BEIRUT — Being subjected to the Zionist lobby can get tedious—particularly its chronic parading of an often disoriented and fast-deteriorating fellow who should surely be tending a vegetable or flower garden somewhere in Occupied Palestine, where he lives on stolen land. International lawyers, even some at Hebrew University, have come to recognize the half century of crimes against humanity meted out by Shimon Peres upon hundreds of thousands of Palestinian refugees, and thus one could be forgiven for rolling eyes at the Israeli president’s concerns over demons said to be haunting his sleeping and waking moments, as he complains that perhaps, just maybe, he was wrong in his calculations 70 years ago.
Those demons are Palestinians, and it is perhaps the supreme irony of ironies that Peres now finds himself lamenting over what became of the ideals of Judaism—the very same ideals he spent half a century of his life destroying in the name of Zionism. “I could not face my parents were I ever to see them again,” the Israeli president, an avowed agnostic, told a member of Congress a few months back.
‘Peres’ Complaint’ has been increasingly heard over the past couple of years, confided to some of his US and EU Zionist lobby hosts during fundraising and legacy-reinforcing appearances. It often manifests itself as a continuous monologue, much as if narrated at his psychoanalytic group therapy session, and often about the same subjects he claims have haunted him for decades. One of these reportedly is the whole concept of an Eretz Israel land grab as a divinely-ordained destiny for a “chosen” Jewish people.
At a cocktail party last year, Peres was overheard telling Vice President Biden, “Who knows if there is a god or not? But if so, I doubt he deals in real estate!” Biden appeared shocked, quickly summoning a waiter for replacement glasses of scotch, hoping to cheer the president of Israel up a bit. “He needs to be more philosophical,” Biden said, reporting on his “psychoanalytic session” with Peres, later explaining, “Sure the handwriting is on the wall regarding a future for Israel is clear for all to see, but it could be worse!”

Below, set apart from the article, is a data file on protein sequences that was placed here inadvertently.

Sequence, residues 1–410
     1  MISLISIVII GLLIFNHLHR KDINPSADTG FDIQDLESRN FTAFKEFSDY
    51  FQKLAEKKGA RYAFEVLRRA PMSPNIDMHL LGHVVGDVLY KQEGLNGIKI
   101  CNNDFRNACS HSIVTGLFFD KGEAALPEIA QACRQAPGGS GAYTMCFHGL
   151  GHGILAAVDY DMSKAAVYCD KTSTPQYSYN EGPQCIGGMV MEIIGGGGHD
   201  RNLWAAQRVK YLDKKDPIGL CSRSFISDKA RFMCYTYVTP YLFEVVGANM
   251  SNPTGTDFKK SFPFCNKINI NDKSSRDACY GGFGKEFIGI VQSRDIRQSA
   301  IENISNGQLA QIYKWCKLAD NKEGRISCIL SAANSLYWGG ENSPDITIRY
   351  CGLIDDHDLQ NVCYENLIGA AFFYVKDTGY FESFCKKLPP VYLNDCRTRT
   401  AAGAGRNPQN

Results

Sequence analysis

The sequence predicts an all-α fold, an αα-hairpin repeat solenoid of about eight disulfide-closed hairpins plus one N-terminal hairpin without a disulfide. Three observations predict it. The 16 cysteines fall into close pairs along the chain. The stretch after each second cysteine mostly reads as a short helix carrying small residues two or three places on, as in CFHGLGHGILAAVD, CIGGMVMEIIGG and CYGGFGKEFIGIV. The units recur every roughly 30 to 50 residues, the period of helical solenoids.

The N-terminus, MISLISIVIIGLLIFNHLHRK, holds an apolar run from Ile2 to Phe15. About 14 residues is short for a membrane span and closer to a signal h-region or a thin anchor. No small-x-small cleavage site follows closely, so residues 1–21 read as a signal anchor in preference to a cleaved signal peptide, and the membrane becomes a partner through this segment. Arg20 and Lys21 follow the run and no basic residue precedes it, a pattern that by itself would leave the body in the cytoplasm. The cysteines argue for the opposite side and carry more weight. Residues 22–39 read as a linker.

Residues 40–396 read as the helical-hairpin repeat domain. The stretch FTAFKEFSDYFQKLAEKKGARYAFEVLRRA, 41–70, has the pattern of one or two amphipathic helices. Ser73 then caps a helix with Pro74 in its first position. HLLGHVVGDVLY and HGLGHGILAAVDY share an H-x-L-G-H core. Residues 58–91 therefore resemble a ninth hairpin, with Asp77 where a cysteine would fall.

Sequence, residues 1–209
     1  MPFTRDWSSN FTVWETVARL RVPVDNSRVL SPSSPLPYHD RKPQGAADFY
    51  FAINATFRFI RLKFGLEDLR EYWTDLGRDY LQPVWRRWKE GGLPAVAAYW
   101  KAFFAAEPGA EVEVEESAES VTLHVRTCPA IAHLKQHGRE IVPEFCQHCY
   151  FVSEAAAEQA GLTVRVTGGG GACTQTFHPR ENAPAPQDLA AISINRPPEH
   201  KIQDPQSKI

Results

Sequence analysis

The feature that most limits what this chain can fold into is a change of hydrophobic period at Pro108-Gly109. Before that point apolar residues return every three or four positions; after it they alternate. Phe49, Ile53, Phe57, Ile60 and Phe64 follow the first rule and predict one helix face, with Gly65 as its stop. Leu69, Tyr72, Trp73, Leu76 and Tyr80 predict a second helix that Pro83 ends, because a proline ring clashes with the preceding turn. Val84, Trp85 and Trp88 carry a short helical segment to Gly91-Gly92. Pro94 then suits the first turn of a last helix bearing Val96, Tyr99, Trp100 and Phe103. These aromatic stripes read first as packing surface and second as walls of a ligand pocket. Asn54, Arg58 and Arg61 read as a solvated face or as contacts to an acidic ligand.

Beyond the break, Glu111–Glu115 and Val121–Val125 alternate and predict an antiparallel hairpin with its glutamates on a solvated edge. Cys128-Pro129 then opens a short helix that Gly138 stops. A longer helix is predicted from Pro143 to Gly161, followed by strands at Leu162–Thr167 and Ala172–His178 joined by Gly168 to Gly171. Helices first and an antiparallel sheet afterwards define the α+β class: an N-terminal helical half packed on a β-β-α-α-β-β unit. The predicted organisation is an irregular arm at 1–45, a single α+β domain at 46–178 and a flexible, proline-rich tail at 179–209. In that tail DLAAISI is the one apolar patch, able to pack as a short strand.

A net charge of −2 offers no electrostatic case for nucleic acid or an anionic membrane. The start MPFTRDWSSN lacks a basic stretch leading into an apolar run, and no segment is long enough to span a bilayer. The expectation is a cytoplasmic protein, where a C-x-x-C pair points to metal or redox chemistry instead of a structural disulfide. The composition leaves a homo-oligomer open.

Peres’ Complaint, like Portnoy’s in Philip Roth’s 1969 novel, revolves around the dilemma of, as Roth penned, “his sense of himself, his past, and that his ridiculous destiny is so fixed“.
Portnoy’s Complaint is a disorder in which claimed ethical impulses are perpetually warring, almost Hamlet-like, with extreme longings, often of a perverse nature, reminding some of a sort of sexual dysfunction.
Peres’s Complaint is similar in many ways, but takes a varied form. In an interview published by the Brazilian newspaper the Folha de Sao Paulo, Peres was asked what he would say to Iran’s President Rouhani if the two were to pick up the telephone and speak directly.
“I would tell him nobody in the world is threatening Iran. So why does Iran threaten other countries? Tell me. I don’t understand why Iran threatens Israel. Why?” he replied.
Peres knows that Iran has not threatened other countries, but rather that it is Israel which has threatened the whole region, and which did so within minutes of his Zionist-Labor terrorist-backed associates declaring themselves a “state.”
Peres ended his short interview with Folha de Sao Paulo with this bit of sage erudition:
“In politics, and in life, you can only judge things based on facts. There has been no change on Iran—the facts contradict the speeches.”
The words were spoken as if the speaker were satisfactorily contemplating the last remaining 19th century European colonial enterprise—along with his own role in setting up and governing it.
Peres’ Complaint to colleagues is that he has to say things to the public that are beginning to sound hollow after six decades of trying to parry and neutralize the Palestinian resistance to Zionist theft and colonization. Peres no longer believes what he used to “about the Zionist BS,” as one congressional source put it.
During his last visit to Washington, while rushing from a meeting at the Rayburn House Office Building with AIPAC and some Congressional staffers, Peres in his haste handed half an armload of documents and reports to an aid to carry for him. Unnoticed at the time, one of the documents slipped under the table where the meeting was held, and was found later. On it were some handwritten comments, in Hebrew, in Peres’ hand.
Common respect for individual privacy bars this observer from revealing what the handwritten notes said, but the document itself is most certainly in the public domain and includes some of the latest reports on the status of the Zionist occupation.